Simple Kitchari Recipe

If you're not familiar with kitchari, it's because it's not the sort of dish you're likely to find on too many restaurant menus, nor does it tend to feature on any of those cooking challenge shows. Kitchari is a simple dish -– the word itself is something that the Blum Center for Health translates to mean "mess," but Healthline says could also mean the more appetizing "mixture."

And a mixture is exactly what kitchari is. Typically it is a combination of a grain with a legume, served in the form of a soup. Recipe developer Kristen Carli explains that "Kitchari is a traditional Ayurvedic meal," and goes on to say, for those unfamiliar with this practice, "Ayurveda is a holistic traditional healing method that comes from India." Kitchari is typically eaten as part of a cleanse. It provides the energy you need to get by as your digestive system resets itself and eliminates the toxins in your body. Kitchari is usually made with rice and either mung beans or lentils, but Carli prefers to make hers with yellow split peas. (These are similar to mung beans, but the two legumes are not identical.) She describes the resulting dish as a "porridge very similar to lentil dal."

The ingredients for kitchari aren't very complicated

While kitchari may sound like an exotic dish, there isn't anything called for in this recipe that can't be obtained in a standard supermarket. You'll need olive oil for cooking and some coconut milk to add flavor and help thicken the dish. For spices you'll be using cumin seeds, ground cumin, and turmeric, and the kitchari itself consists of basmati rice and yellow split peas.

Carli also adds some frozen mixed vegetables to the dish. "My frozen veggie mix included green beans, peas, corn, and carrots," she tells us but says, "You can use any veggies you like. Broccoli and cauliflower would also be amazing in this dish."

Begin by toasting the cumin seeds

This is a one-pot dish, so start off by using a heavy saucepan or skillet that is large enough to hold all of the ingredients. Heat the olive oil over medium heat, and once the oil is hot add the cumin seeds (but not the ground cumin). Toast these seeds for about 1 minute, at which point they should begin to release their fragrance.

Fun fact about cumin: It is known for helping to promote good digestion. This means that it could help to reduce any gas or other unwanted side effects from the split peas.

Add the rest of the ingredients and cook the kitchari

Once the cumin seeds are nice and toasted, you're going to add the rest of the ingredients to the pot. Stir in the rice, split peas, frozen veggies, coconut milk, turmeric, and yes, the ground cumin goes in now too. You'll also need to add ½ teaspoon of pepper, 1 teaspoon of salt, and 4 cups of water to the mix. Bring everything to a boil, then reduce the heat to a simmer. Cook the kitchari for about 30 minutes until the rice and peas are tender.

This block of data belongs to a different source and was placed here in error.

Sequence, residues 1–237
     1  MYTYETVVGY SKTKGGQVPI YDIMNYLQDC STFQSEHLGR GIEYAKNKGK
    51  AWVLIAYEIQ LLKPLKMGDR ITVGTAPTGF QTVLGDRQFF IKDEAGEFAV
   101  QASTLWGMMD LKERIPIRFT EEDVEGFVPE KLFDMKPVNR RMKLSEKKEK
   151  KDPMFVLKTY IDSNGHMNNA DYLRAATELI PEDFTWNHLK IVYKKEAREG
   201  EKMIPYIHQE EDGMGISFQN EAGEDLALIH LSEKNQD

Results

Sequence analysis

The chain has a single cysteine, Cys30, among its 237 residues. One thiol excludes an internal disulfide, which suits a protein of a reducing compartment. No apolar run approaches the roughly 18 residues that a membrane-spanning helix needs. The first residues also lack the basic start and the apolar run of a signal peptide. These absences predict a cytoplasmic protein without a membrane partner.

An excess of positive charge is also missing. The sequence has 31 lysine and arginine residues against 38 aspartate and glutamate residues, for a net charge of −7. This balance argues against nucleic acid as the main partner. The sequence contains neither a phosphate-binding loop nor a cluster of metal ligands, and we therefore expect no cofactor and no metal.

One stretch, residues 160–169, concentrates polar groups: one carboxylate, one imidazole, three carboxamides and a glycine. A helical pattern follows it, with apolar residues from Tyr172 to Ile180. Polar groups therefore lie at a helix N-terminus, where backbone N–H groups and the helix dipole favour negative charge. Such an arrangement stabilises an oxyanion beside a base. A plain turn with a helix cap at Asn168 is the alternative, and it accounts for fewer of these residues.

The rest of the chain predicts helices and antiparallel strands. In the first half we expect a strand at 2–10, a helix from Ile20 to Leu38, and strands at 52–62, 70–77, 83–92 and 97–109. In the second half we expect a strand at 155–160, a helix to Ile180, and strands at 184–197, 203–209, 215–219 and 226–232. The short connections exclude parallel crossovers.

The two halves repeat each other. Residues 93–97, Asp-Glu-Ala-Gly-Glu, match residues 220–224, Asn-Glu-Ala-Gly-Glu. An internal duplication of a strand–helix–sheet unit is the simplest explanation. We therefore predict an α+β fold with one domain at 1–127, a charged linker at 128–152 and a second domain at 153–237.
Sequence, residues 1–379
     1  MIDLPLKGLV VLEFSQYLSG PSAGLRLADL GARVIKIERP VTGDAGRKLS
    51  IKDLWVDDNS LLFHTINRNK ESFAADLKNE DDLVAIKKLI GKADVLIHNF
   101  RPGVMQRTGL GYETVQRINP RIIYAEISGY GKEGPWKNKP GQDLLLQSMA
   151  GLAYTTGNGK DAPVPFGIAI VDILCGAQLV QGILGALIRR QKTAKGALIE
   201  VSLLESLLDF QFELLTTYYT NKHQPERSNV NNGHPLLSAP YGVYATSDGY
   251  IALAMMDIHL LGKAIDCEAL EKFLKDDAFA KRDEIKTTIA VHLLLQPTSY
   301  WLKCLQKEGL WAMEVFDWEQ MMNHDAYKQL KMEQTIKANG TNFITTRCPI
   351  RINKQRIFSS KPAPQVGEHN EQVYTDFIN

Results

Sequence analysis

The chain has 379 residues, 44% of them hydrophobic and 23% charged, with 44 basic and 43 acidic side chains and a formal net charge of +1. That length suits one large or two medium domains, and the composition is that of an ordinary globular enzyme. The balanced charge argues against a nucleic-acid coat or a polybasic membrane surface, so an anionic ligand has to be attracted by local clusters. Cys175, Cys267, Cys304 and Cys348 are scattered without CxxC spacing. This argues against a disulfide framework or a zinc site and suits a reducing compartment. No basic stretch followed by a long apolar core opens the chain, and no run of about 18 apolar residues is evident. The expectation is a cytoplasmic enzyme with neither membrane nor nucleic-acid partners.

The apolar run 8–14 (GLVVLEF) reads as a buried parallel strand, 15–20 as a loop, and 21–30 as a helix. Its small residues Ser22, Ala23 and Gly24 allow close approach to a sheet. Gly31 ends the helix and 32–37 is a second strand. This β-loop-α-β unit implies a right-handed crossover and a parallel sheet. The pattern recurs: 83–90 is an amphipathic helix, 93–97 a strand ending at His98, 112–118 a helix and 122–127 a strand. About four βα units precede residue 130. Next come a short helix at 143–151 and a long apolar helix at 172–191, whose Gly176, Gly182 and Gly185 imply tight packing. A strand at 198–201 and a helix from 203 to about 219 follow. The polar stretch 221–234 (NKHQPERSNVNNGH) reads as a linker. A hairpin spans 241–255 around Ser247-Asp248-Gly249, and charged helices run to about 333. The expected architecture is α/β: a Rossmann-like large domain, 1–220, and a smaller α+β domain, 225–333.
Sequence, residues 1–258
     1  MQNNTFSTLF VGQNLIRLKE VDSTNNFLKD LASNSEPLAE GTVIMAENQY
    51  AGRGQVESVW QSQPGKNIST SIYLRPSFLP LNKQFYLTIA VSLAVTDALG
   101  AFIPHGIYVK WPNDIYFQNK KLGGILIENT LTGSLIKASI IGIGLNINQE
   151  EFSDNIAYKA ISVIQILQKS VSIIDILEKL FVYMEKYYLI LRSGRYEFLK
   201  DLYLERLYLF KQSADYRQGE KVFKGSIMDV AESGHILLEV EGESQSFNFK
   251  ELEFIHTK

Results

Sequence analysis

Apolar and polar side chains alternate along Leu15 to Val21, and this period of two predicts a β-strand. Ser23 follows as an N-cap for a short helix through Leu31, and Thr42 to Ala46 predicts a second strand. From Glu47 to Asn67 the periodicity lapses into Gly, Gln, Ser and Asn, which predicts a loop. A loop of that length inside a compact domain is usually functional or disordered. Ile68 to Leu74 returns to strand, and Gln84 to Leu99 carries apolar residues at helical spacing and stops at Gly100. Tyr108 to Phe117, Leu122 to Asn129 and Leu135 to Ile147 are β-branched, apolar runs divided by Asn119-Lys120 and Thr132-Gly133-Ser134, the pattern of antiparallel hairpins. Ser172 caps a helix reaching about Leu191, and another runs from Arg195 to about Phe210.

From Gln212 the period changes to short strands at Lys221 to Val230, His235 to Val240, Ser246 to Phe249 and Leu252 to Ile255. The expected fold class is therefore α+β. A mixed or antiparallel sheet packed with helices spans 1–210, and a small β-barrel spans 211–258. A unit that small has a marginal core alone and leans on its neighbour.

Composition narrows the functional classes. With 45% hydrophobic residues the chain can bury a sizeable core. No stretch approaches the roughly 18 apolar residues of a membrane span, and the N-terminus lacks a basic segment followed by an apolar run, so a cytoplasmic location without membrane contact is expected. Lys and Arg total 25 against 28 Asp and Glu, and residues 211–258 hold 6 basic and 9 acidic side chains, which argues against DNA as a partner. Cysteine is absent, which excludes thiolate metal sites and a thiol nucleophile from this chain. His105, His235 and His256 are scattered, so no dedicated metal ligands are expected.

The kitchari makes for a filling meal

If you are doing the kitchari cleanse, then you may be eating this meal twice a day for about a week. If you're not cleansing though, you can just enjoy it as a vegan main dish. Carli calls this kitchari "flavorful and hearty" and says she enjoys it as is but adds, "If you want, you can serve this with grilled chicken over top."

The kitchari made with this recipe is very mild but Carli says, "If you can handle a little heat, I would add some cayenne pepper during cooking or sriracha as a topping once served."

Simple Kitchari Recipe
5 from 41 ratings
This wholesome kitchari recipe is a regular in Ayurvedic cuisine. It's filling, nourishing, and perfect to warm you up in the cooler months.
Prep Time
Cook Time
bowl of kitchari
Total time: 45 minutes
  • 1 tablespoon olive oil
  • 2 teaspoons cumin seeds
  • ½ cup white basmati rice
  • ¾ cup yellow split peas (mung beans/moong dal)
  • 1 cup frozen mixed vegetables
  • ½ cup unsweetened coconut milk
  • ½ teaspoon ground cumin
  • 1 teaspoon ground turmeric
  • 1 teaspoon salt
  • ½ teaspoon pepper
  • 4 cups water
  1. Heat the olive oil in a large pot, over medium heat.
  2. Add cumin seeds to the oil and toast them until they are fragrant, or about 1 minute.
  3. Stir the rice, peas, vegetables, coconut milk, ground cumin, and turmeric into the toasted cumin seeds along with 1 teaspoon salt, ½ teaspoon pepper, and 4 cups water.
  4. Bring the kitchari to a boil.
  5. Lower the heat and let the mixture simmer for 30 minutes.
Calories per Serving 216
Total Fat 7.0 g
Saturated Fat 4.0 g
Trans Fat 0.0 g
Cholesterol 0.0 mg
Total Carbohydrates 31.5 g
Dietary Fiber 7.4 g
Total Sugars 2.0 g
Sodium 409.6 mg
Protein 8.1 g
The information shown is Edamam’s estimate based on available ingredients and preparation. It should not be considered a substitute for a professional nutritionist’s advice.
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